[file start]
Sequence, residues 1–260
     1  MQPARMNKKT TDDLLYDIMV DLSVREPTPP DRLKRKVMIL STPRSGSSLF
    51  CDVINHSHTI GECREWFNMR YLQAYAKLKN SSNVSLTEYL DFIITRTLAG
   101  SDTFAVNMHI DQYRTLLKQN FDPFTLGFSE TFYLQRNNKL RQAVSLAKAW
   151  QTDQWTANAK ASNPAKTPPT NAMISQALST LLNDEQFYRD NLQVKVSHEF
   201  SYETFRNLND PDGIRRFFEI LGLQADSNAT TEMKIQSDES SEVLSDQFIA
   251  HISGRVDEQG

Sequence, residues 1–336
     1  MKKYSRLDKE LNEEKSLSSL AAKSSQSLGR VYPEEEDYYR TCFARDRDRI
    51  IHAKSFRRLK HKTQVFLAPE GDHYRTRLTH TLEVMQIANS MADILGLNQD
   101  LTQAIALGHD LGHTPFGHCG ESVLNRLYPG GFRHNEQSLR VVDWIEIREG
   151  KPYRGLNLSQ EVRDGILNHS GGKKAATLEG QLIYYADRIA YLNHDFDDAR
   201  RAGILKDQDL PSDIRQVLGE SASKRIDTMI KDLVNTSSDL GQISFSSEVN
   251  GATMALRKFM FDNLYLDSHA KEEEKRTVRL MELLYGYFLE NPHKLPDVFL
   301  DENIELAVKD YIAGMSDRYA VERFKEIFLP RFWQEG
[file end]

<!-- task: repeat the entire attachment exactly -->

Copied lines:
Sequence, residues 1–260
     1  MQPARMNKKT TDDLLYDIMV DLSVREPTPP DRLKRKVMIL STPRSGSSLF
    51  CDVINHSHTI GECREWFNMR YLQAYAKLKN SSNVSLTEYL DFIITRTLAG
   101  SDTFAVNMHI DQYRTLLKQN FDPFTLGFSE TFYLQRNNKL RQAVSLAKAW
   151  QTDQWTANAK ASNPAKTPPT NAMISQALST LLNDEQFYRD NLQVKVSHEF
   201  SYETFRNLND PDGIRRFFEI LGLQADSNAT TEMKIQSDES SEVLSDQFIA
   251  HISGRVDEQG

Sequence, residues 1–336
     1  MKKYSRLDKE LNEEKSLSSL AAKSSQSLGR VYPEEEDYYR TCFARDRDRI
    51  IHAKSFRRLK HKTQVFLAPE GDHYRTRLTH TLEVMQIANS MADILGLNQD
   101  LTQAIALGHD LGHTPFGHCG ESVLNRLYPG GFRHNEQSLR VVDWIEIREG
   151  KPYRGLNLSQ EVRDGILNHS GGKKAATLEG QLIYYADRIA YLNHDFDDAR
   201  RAGILKDQDL PSDIRQVLGE SASKRIDTMI KDLVNTSSDL GQISFSSEVN
   251  GATMALRKFM FDNLYLDSHA KEEEKRTVRL MELLYGYFLE NPHKLPDVFL
   301  DENIELAVKD YIAGMSDRYA VERFKEIFLP RFWQEG